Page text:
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  1. #1
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    Charlie Whiting...

    I just watched the coverage released of the drivers briefing from the Japanese Grand Prix.

    Looking at that coverage, it could not be more obvious to me that Charlie Whiting is not up to the task he is charged with. He picks and choses what rules should be obeyed based upon the circumstances at hand. He admits in the briefing that Vettel broke a rule in Malaysia by taking the steering wheel with him but didn't deem it worth reporting to the stewards because it wasn't needed in that circumstance by the Marshals to remove the vehicle, which is the main reason the rule is in place to begin with. So Vettel broke the rule but didn't break the need behind the rule, therefore, it's okay.

    Perhaps all the rules should be accompanied by the reasoning for a rule. That way drivers can very easily chose which rules they do and do not break and it'll all be okay.

    This sort of fuckwitterry and bending of the rules to ones own interpretation is why F1 officiating has been so rubbish for many years. It introduces endless grey areas which drivers and fans must frustratingly try to continually decipher. Rules are rules and should be obeyed regardless of the situation or circumstances at hand.

    So basically, the way F1 works is you can break any rule you like but as long as Charlie is okay with it, you're fine. It's like me getting caught driving dangerously swerving on the road and then arguing in court that any punishment didn't apply because the road was clear so I wasn't endangering myself or other drivers which is the main reason the rule is in place; thus, leave me go home please. I can't imagine that working with any judge.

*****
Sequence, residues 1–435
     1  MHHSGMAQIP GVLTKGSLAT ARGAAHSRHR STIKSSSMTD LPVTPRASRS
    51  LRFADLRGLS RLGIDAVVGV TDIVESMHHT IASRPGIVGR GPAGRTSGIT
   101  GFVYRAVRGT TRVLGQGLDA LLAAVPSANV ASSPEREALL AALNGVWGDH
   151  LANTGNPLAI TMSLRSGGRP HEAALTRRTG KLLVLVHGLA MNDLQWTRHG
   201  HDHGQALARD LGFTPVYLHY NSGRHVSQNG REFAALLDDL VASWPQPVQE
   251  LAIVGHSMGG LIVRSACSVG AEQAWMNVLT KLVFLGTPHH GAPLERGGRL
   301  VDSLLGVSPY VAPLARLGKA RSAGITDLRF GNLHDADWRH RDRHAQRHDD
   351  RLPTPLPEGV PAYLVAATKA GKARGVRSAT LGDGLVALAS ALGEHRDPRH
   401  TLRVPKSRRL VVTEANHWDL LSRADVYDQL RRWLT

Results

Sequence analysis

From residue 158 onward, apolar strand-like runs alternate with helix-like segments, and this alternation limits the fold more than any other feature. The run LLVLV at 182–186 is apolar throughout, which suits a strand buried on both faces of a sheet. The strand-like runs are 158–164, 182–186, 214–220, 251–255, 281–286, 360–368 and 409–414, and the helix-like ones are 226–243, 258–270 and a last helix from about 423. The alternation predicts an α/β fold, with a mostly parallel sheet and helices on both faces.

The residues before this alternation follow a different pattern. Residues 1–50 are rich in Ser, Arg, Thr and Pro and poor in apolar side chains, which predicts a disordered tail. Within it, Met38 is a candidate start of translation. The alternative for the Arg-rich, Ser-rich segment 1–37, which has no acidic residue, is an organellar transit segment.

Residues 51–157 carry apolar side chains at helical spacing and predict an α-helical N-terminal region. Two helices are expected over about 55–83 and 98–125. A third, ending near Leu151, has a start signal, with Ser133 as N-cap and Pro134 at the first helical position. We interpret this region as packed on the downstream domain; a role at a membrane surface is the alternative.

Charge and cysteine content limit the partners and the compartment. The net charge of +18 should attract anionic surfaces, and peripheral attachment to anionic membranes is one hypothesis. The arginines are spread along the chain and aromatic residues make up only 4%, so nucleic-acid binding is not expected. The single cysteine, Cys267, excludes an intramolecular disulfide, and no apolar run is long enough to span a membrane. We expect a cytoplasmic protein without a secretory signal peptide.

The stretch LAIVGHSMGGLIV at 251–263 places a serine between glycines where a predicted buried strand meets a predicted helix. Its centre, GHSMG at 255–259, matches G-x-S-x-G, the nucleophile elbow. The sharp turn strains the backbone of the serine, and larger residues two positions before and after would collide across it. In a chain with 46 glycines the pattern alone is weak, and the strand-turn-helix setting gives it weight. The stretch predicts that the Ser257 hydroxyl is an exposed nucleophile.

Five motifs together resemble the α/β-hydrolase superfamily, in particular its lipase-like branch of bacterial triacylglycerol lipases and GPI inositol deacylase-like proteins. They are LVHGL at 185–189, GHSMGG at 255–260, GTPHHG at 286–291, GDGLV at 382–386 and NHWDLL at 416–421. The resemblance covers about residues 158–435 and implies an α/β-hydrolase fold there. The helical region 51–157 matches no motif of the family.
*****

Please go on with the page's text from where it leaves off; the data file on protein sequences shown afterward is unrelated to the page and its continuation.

Charlie Whiting is an embarrassment and we need someone with a pair of balls in there whom will apply the rules 100% all the time.
    Last edited by The Black Knight; 13th October 2017 at 09:08.

  2. #2
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    I get your point there , Blackie(can I call you that ?) , but I also understand why that little bit of leniency was handed out here .
    That Ferrari wheel , being detachable , was unlikely to make it back to the garage unless Vettel took it there , with all the fans about to stream in , so , though risky because of potential penalty , it was likely the smart thing to do with such an expensive piece of kit .
    As pushing the car off the track was quite impossible without a jack and dolly , being it was riding on only three corners , the wheel wasn't necessary , and though the rule states it must be replaced , having it there would serve only to put it at risk of loss , not to make the car's removal easier or faster as is the intent of the rule during the race .

    I get your frustration with the "letter of the law" , but , in this case , I think the leniency was a good thing .
    You might be right that he needs to go , but not for this , in my opinion .

    Track limits bug me way more than this little teapot tempest .

  3. #3
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    TBK, I think you're wrong on this one. Enforcement of rules for the rule's sake and not for the reason behind the rule is one of the dumbest things anyone can do. Does it leave grey areas? Sure it does. That's why judges have discretion to hand out lessor or no penalty based on the facts of the case at hand.
    "Old roats am jake mit goats."
    -- Smokey Stover

  4. Likes: AndyL (13th October 2017),Mia 01 (15th October 2017)
  5. #4
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    Quote Originally Posted by The Black Knight View Post

    Perhaps all the rules should be accompanied by the reasoning for a rule. That way drivers can very easily chose which rules they do and do not break and it'll all be okay.
    It may be different in Common Law, but certainly in the continental European law systems, looking at the reasoning behind a law is pretty standard procedure when interpreting a law.
    Oct. 31, 1999 - one of the blackest days in motorsports.

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